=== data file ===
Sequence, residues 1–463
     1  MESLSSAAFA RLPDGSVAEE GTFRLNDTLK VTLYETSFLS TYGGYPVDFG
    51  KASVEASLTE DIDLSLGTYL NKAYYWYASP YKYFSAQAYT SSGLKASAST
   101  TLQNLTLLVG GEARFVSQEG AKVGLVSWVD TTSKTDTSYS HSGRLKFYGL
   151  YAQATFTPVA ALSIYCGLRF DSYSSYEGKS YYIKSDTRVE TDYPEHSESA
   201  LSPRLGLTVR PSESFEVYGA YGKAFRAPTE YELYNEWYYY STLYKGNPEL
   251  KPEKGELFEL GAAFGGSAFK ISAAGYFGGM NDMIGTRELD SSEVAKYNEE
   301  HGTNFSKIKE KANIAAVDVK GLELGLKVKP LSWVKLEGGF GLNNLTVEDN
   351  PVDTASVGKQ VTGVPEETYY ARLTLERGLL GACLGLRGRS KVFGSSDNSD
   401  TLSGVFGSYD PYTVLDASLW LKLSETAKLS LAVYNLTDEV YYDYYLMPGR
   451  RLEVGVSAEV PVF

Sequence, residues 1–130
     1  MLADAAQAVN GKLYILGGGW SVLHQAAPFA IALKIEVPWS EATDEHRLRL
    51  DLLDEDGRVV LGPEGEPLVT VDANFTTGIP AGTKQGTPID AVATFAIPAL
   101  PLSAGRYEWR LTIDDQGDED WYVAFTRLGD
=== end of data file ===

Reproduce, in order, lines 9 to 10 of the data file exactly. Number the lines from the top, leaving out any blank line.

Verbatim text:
   351  PVDTASVGKQ VTGVPEETYY ARLTLERGLL GACLGLRGRS KVFGSSDNSD
   401  TLSGVFGSYD PYTVLDASLW LKLSETAKLS LAVYNLTDEV YYDYYLMPGR